1904 RENAULT 9hp TYPE T REAR-ENTRANCE TONNEAU - BONHAMS AUCTIONS THE LONDON TO BRIGHTON SALE Friday 2nd November 2018 New Bond Street, London
THE LONDON TO BRIGHTON SALE
Friday 2nd November 2018
New Bond Street, London
1904 RENAULT 9HP TYPE T REAR-ENTRANCE TONNEAU
£ 70,000 - 90,000
€ 79,000 - 100,000
*Single family ownership from 1959 to 2012
*Professionally restored in the late 1990s
*Completed the London-Brighton Run in 1998 and 1999
*Present ownership since 2012
Founded in 1898 by Louis Renault and his brothers Marcel and Fernand, the company that would become France's biggest automobile manufacturer started humbly enough, with a solitary 1¾hp De Dion-engined prototype, the sprung rear axle of which would soon be copied by many contemporaries. At a time when automobile design had yet to crystallise, Renault's front-engined, rear-drive design presaged that of the modern car, while other advanced features included wire-spoked wheels shod with the newly invented Dunlop inflatable tyre. Few changes were found necessary before the Type A was ready for presentation to the public in 1899. Production at the Billancourt factory was soon underway on a large scale, demand for its products being enhanced by the performance of Renault cars in the great inter-city races so popular in France at the turn of the 19th Century.
The single-cylinder Renault was updated annually, the Type G of 1902 featuring an 864cc water-cooled De Dion motor rated at 6hp. Twin, side-mounted radiators had been adopted when water-cooling arrived in 1900 on the Type C and these were enlarged for the Type G, which was the first model to feature Renault's so-called 'coal scuttle' bonnet, a style widely copied by other manufacturers. The largest Renault model so far, the Type G was built on a longer and wider chassis, made from heavier gauge tubing, which now relied on semi-elliptic springing instead of the fully elliptical springs favoured hitherto. By this time a circular steering wheel on an inclined column had been standardised, replacing the semi-circular control and vertical column used since production began. Six alternative final drive ratios were available, giving the car a top speed of anywhere between 19 and 33mph approximately.
1902 is also particularly noteworthy as the year the company began making its own engines, one of which powered Marcel Renault to a remarkable victory in that year's Paris-Vienna Race, defeating the larger Panhard-Levassor opposition to achieve worldwide acclaim and recognition for Renault products.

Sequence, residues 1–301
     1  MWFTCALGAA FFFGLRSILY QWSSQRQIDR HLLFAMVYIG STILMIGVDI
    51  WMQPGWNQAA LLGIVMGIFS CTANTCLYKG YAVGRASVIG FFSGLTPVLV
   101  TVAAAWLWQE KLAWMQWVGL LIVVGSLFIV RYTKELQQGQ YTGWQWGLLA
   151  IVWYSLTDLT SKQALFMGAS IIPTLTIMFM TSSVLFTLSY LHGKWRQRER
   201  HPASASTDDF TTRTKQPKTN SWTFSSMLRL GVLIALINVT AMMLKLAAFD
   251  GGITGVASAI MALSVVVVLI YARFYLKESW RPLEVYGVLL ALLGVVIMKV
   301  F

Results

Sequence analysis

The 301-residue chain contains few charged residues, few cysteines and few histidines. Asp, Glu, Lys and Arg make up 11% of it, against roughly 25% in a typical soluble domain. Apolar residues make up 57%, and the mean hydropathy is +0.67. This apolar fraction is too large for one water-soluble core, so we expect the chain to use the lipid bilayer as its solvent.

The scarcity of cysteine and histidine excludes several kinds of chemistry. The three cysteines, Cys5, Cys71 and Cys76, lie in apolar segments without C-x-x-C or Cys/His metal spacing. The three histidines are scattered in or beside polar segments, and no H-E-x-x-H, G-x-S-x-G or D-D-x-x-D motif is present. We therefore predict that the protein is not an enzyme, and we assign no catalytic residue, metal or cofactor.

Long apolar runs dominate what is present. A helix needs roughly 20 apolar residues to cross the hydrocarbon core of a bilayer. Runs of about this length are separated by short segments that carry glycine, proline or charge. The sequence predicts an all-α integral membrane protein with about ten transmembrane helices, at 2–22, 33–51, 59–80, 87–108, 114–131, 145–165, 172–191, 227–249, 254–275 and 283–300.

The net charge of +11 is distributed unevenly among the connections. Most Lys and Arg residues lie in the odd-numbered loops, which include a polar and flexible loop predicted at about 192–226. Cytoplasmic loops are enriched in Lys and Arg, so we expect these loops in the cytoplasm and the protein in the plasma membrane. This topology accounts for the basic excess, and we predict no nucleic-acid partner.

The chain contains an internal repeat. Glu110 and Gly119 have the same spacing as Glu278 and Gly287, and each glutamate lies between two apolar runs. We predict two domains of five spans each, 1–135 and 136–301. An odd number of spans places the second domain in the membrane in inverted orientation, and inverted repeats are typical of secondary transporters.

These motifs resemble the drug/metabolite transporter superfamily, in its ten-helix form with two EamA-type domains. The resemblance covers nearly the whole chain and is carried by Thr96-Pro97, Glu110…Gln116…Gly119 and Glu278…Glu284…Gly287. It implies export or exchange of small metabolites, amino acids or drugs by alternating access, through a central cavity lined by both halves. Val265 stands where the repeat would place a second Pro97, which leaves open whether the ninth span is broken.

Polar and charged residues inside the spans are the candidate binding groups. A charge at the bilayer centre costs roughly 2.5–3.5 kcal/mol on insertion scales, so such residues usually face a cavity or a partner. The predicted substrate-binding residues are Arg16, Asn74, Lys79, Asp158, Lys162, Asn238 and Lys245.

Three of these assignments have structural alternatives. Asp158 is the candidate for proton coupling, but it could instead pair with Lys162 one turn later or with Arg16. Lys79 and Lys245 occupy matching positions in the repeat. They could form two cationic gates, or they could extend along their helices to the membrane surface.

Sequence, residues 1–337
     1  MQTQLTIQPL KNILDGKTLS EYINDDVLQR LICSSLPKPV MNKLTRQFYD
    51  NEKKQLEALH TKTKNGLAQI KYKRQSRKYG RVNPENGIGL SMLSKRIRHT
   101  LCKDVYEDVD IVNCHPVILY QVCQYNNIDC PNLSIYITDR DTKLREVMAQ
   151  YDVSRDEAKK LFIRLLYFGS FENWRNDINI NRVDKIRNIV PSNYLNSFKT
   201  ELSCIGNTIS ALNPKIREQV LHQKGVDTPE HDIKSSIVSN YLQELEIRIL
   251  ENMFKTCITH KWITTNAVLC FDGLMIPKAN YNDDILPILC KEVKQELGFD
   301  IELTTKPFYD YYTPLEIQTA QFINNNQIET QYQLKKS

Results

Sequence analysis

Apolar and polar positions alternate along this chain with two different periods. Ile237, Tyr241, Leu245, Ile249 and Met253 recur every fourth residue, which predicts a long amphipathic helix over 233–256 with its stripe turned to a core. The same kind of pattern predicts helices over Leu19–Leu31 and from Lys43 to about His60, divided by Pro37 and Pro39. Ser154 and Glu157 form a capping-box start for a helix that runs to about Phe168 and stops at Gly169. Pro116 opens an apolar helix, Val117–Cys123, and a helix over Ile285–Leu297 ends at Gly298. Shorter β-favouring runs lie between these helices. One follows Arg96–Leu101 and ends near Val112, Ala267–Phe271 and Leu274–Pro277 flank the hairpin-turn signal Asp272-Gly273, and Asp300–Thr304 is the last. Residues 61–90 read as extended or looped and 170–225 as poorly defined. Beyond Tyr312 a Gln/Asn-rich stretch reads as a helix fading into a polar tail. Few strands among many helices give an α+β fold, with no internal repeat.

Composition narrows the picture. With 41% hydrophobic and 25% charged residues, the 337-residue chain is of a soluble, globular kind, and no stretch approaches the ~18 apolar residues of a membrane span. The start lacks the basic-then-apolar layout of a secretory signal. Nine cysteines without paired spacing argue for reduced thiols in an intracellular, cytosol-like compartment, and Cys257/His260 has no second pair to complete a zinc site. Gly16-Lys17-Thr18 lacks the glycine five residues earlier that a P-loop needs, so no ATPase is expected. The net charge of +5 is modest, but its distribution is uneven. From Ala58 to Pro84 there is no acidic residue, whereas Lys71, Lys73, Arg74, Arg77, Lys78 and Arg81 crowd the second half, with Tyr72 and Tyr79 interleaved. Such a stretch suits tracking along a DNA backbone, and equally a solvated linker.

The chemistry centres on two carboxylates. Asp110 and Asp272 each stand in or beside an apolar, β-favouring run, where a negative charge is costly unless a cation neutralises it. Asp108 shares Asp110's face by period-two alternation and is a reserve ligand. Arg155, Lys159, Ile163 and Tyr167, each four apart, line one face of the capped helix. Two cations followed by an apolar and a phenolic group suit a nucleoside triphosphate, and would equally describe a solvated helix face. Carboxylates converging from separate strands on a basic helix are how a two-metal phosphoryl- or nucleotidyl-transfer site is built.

From the outset, Renault engineering was of the highest quality, as exemplified by this 9hp De Dion-engined Type T, which is typical of the first generation of Renault automobiles. A copy of the factory despatch sheet shows that this car was destined for 'Roadway', this being the Roadway Autocar Company of Fulham, West London - Rolls-Royce's neighbours - who were agents for Mors as well as Renault.
Chassis number '3107' was acquired in 1959 by Arthur Cook and remained in his family's ownership until 2012 when it was purchased by the current vendor. Reputedly, Mr. Cook's daughter found the Renault while playing in a hay barn in Bletchley, Buckinghamshire. The car was fitted with a Ford Model T front axle at that time. Its prior ownership history is not known.
Renowned marque specialist H F Welham of Surbiton commenced the restoration (there are bills on file detailing the works) and applied for VCC dating. Subsequently, the Renault was inherited by Mr. Cook's daughter and son-in-law, who entrusted Briardale Workshops of Malton with completing the restoration, which included sourcing a correct front axle from France. Bills on file total circa £36,000.
The body is an exact replica of that on Renault's own Type T, the chassis of which is just one number away from this car's. A modern ignition coil is fitted in place of the original trembler set-up, and the car currently has a 1904 Humber gearbox. There is a rebuilt 1904 Renault gearbox (with brackets) included in the sale, ready to fit. Following its restoration, the Renault successfully completed the London-Brighton Veteran Car Run in 1998 and 1999.
Since purchasing the Renault in 2012, the current vendor has installed a Dynastart for convenience, and on a recent visit, the car started instantly. It is currently fitted with a pre-1904 Humber gearbox, whose ratios suit it perfectly, while the correct type of Renault gearbox – completely rebuilt – is included in the sale. The VCC's previous dating committee had agreed on the date of manufacture as 1904 and a certificate number 2426 was provisionally granted subject to the fitment of the correct gearbox. This was never completed and as such to obtain a dating certificate the Renault gearbox will have to be installed and submitted for full dating. Bills for the gearbox rebuild may be found within the substantial history file, which also contains expired MoTs (1998-2003), Renault dating letter, copy factory build record, Science Museum dating letter, etc.
Ready to use, this delightful smaller Renault is well catered for by both the Veteran Car Club and the Renault Frères and, of course, should be eligible for the London-Brighton Run once fitted with the correct gearbox.
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